In the past, I have experimented with actually simulating plate tectonics. It was cool to see all the continents drifting around on the sphere, but I realized it was useless for this game: it gave me, as a game designer, very little control over how the world turned out. To make the game playable, I might need to set limits such as: have six continents, not too big or too small, and evenly distributed across the globe. A physical simulation makes it very hard to do that, so I decided to fake it.

Continent shapes

A common way to create random-looking shapes is the Voronoi diagram. Simply generate some random points, called seeds, and assign each other point to the seed that’s closest to it. Afterwards, we decide for each seed whether this will be land or water. Here’s how that looks on our sphere:

Voronoi diagram on a sphere

Earth has six continents, covering about 29% of its surface. To match that ratio, I generated 21 Voronoi regions and randomly designated 6 of them to be land (green).

It’s a start, but we can do better. The problem with Voronoi regions is that they are always convex, so there can never be any indents in the continent shapes. Boring! So what we can do is create more, smaller Voronoi regions, and assign multiple regions to the same continent. We start each continent from a single region, then randomly grow it by including neighboring regions, until we have enough land. Here’s the result:

Multiple voronoi regions per continent

Much better! Those are starting to look like plausible shapes for our landmasses.

But they’re still rather straight and boring. To fix that, we can use another trick from the procedural generation book: domain warping. For each point, instead of immediately looking for its closest Voronoi seed, we first jiggle the point a bit. Points near these straight boundaries might then get jiggled across the boundary, and end up being assigned to another Voronoi region.

Let’s introduce yet another common procgen building block: simplex noise. I won’t explain what simplex noise is here; in case you don’t know, just think of it as a magic machine that you can put coordinates of a point into, and it spits out a random value between -1 and 1. If you put the same point into it again, you get the same value out; and if your point is slightly different, you’ll get a slightly different output value.

To do this “jiggling” of points then, we can create three instances of simplex noise, one for each of the x, y and z components. To each point we add a small amount of this noise before assigning it to its closest Voronoi region. This has the effect of breaking up the straight lines:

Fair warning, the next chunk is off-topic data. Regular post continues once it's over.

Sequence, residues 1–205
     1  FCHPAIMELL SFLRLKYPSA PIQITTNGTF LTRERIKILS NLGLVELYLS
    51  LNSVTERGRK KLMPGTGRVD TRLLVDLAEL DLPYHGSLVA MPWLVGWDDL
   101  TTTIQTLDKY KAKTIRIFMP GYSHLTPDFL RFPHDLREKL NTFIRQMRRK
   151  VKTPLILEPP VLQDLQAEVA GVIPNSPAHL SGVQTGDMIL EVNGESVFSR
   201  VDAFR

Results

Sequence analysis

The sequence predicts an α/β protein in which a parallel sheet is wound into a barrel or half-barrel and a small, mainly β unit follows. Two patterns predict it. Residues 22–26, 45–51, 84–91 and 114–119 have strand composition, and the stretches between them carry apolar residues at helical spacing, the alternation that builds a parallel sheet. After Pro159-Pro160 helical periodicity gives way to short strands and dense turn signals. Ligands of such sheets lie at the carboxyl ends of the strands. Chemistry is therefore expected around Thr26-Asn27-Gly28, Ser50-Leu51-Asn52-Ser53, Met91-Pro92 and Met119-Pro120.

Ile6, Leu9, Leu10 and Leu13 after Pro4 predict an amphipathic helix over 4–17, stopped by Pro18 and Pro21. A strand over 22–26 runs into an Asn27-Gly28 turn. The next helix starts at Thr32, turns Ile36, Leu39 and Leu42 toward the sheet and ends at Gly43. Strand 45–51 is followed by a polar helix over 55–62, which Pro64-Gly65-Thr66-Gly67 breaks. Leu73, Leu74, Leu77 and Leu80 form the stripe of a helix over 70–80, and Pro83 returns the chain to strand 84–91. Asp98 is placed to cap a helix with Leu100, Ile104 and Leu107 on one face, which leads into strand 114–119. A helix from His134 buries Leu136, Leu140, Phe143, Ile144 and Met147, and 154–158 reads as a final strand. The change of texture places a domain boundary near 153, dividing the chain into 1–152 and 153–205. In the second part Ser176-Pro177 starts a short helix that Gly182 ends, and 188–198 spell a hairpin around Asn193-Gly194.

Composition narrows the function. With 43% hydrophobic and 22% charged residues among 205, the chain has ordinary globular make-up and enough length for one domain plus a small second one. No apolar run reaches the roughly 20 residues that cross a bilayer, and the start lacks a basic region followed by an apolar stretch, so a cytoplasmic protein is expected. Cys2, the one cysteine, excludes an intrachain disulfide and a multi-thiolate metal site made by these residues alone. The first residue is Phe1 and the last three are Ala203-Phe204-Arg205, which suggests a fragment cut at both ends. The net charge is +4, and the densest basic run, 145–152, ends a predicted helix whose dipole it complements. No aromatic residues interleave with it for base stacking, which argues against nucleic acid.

Domain warped Voronoi

Those would be some great continent shapes to explore! Note that the domain warp sometimes causes bits of Voronoi regions to form an “enclave” inside another region. These are actually inland oceans (very deep), but they look like lakes, so I didn’t bother removing them.

Scaling the heights

So far, all our land is perfectly flat. Boring! This almost screams for more simplex noise to be added:

Heights using simplex noise

Looking better! Notice that I’m using colour to represent height here, so e.g. yellow doesn’t mean “desert”, it means “about 800 meters above sea level”. The colour ramp resembles the one used in this map from NOAA, so I can easily compare how similar my world is already looking:

NOAA height map

Looking at that height map of the real world, I noticed that heights tend so slope downwards to the coast, rather than ending in 1 km high cliffs like in my generated world. In real life, this is caused by erosion, but that’s another difficult to simulate process that doesn’t offer us much control. So let’s again fake it, by applying a curve:

Height curve

Every part of the land within some distance from the coast has its height multiplied by this curve:

Heights with slopes

Already better! But it looks a bit bland and uniform. Time for more simplex noise! In this case, I’m using the noise to change the distance over which the curve is applied. A small distance results in a steeper, more cliff-like coast, a large distance in a flatter coast:

Heights with noisy slopes

We’re off to a good start. In the next post, we’ll tackle tectonic plates and their effects on the geography of our little world.